Sunday, January 17, 2016

What Kind of Christian

Our Archbishop Emeritus Francis Hurley passed away this week. The diocesan newspaper ran this piece telling his amazing story and these are the first few comments from a local news station's web page:

* I am not even Catholic, but respected this guy!

* He was a good man -- he reached out to the Muslim community here in Anchorage, and we considered him a dear friend. Rest in peace, Archbishop Hurley.

* Godspeed to a good man. Prayers for the Church.

* Rest in your Lord's arms, Father.

* My husband and son are named after him. He will be missed.

My heart swelled to read such sentiments. How much he was loved and respected, even by non-Catholics and  Muslims. You see, I know Christians, Catholic and otherwise, who are always angry. Angry about music; angry about sermons; angry about culture; angry about personalities; angry about politics; angry, angry, angry. Their "suffering" at church is all they can talk about. Loudly. Often rudely.  But Pope Francis has called us to a culture of encounter, of reaching out in dialogue and friendship outside our usual circles. If we live actively attempting to encounter people, we might not be as angry. We might be nice. We certainly will not insult and mock others, even others with whom we disagree.

I have been the recipient of such an angry attack. An attack in front of others, never apologized for, and spun into alteration. It changed my life. And not over something crucial like doctrine or morals. I dared express an opposing opinion than that of the loud Angry One. Now that I know what that kind of treatment feels like, I resolve not to mock or insult another human, even those on "the other side" of the doctrine and morals I hold dear. Nope. If I cannot reach out in dialogue and friendship then I will pray for their souls. If I have to stay away from those that insult and mock, then I will.  I can still pray.

What kind of Christian do I want to be? Yes, I despise how our culture celebrates sin. Yes, I'd like to see some things done differently at church. Yes, I keep myself and my children away from certain people, movies, music, and books. But I do not need to hurt and humiliate. The contrast between the archbishop and the Angry Ones is striking.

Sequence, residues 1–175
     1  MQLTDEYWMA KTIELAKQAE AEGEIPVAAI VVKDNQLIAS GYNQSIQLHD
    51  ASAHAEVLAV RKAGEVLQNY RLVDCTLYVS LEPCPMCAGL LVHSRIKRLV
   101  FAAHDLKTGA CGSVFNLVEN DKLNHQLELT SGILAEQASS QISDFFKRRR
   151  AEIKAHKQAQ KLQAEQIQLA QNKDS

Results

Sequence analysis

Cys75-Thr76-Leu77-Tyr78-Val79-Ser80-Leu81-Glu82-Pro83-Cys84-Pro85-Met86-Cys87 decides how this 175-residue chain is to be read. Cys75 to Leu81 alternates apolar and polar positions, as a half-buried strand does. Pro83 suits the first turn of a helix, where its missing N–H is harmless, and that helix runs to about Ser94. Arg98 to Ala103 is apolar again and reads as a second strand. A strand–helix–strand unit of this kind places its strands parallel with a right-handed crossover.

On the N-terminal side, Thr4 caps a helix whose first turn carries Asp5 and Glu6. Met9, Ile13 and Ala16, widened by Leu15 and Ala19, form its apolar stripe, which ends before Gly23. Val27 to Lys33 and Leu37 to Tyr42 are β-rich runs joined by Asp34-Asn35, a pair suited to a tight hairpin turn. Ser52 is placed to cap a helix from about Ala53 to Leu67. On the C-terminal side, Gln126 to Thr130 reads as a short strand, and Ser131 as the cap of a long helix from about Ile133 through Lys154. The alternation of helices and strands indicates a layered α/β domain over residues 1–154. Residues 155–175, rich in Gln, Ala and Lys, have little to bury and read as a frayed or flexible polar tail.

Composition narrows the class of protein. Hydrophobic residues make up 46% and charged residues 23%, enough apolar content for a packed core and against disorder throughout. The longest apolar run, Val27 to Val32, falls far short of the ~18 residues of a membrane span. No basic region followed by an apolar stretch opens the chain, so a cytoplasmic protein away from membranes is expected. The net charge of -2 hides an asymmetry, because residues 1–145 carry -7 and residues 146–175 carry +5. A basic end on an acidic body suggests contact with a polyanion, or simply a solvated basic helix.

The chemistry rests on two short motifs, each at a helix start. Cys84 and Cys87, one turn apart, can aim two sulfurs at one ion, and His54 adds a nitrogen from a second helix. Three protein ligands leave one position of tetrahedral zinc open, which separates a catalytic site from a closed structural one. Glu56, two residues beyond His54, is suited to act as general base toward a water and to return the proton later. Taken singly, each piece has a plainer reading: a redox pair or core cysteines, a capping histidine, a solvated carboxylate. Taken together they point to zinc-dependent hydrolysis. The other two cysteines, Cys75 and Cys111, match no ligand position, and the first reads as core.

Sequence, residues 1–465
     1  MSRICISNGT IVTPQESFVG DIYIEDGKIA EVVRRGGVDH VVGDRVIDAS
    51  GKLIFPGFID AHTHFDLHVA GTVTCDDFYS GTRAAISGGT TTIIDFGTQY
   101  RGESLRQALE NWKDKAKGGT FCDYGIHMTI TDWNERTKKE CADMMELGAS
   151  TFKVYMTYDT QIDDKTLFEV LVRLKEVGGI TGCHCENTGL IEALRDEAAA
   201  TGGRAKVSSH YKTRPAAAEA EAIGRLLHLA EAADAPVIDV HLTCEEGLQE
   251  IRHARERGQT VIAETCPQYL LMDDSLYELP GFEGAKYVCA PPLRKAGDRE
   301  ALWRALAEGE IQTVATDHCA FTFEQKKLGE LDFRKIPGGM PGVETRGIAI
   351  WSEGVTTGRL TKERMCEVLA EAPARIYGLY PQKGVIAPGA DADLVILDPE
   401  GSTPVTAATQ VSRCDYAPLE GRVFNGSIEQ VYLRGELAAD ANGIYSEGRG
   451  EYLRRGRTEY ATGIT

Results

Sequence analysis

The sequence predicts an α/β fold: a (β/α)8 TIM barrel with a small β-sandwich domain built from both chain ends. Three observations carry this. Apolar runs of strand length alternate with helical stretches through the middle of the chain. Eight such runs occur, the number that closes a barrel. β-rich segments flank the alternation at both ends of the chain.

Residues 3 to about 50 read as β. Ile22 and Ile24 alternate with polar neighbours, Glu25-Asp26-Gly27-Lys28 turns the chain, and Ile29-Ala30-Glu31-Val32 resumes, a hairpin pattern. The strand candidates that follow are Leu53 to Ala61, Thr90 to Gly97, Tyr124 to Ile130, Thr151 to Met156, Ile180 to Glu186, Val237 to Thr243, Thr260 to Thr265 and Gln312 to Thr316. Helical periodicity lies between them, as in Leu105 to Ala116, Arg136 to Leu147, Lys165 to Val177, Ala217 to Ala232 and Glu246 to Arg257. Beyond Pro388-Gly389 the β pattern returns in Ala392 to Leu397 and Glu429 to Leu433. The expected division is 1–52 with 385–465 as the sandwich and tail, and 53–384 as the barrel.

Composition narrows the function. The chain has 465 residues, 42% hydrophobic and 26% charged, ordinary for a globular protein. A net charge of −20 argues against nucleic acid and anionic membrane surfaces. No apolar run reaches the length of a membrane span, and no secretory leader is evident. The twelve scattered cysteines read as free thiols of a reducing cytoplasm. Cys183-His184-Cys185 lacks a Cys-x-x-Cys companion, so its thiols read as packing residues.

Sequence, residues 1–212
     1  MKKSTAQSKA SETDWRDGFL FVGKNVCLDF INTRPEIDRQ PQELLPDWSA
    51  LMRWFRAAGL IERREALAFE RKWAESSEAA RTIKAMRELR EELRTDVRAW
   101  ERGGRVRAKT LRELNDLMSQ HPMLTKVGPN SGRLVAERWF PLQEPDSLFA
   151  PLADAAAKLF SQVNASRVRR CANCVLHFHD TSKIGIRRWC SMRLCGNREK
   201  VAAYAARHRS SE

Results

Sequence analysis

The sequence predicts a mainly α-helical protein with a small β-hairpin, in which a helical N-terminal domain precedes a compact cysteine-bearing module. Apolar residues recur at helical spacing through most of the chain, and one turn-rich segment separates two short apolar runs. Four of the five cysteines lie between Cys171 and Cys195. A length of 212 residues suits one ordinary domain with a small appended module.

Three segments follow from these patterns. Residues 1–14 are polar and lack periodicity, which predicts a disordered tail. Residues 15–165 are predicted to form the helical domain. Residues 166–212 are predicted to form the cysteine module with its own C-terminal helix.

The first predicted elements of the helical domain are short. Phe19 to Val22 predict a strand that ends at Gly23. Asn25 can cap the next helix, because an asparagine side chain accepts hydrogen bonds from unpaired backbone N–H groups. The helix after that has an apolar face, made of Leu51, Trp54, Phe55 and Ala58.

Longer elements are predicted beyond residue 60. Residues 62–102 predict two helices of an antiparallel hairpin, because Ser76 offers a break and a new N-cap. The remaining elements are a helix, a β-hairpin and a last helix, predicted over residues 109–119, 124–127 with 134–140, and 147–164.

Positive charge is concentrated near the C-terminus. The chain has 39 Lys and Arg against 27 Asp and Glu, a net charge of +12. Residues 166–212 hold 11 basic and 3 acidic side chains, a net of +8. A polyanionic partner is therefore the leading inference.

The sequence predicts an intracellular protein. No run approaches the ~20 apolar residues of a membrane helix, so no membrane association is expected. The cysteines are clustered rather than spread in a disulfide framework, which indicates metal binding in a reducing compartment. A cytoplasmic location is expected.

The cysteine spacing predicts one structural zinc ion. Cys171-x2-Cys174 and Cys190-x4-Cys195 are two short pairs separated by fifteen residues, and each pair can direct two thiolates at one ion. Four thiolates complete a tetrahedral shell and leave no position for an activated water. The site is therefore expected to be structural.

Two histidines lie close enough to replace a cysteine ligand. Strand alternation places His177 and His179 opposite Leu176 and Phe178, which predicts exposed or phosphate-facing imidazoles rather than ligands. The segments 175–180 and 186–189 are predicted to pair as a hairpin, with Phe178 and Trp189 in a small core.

I think Archbishop Hurley encountered people. From these comments above, he seemed to have had decent contact with all sorts of folks, both in and out of the Church. I daresay that some of those Catholics embraced different music or practices or politics than he. That's how I want to be remembered ~ as an example of a Catholic who was decent to people without compromising my own Holy Faith. Being nice does not mean I think that everyone is right and sin doesn't matter. It's not either/or. I can attend Mass and receive my precious sacraments. I can vote and dress and sing and read how I like. I can raise my children how I see fit.  I can run my household and strengthen my inner life my way. And, I can try to truly encounter people, whether on Facebook or in real life.

As a Catholic, I encounter Christ in His Church first. Then others. "Love the Lord your God with all your heart, all your mind, all your soul. This is the first and greatest commandment. And love your neighbor as yourself. Upon these two rest all the law and prophets (Matthew 22:36-40)."

Archbishop Hurley, rest in peace. We love you and will miss your stories.

This is how I remember him, smiling at the pulpit.


  1. Thanks for sharing your blog. I am Catholic but was drawn to read your conversion story. I will bookmark your blog site and come back to read some more. Again, thanks for sharing and have a merry, and blessed, Christmas.

    1. Oh good! And the happiest of Christmases to you and yours as well!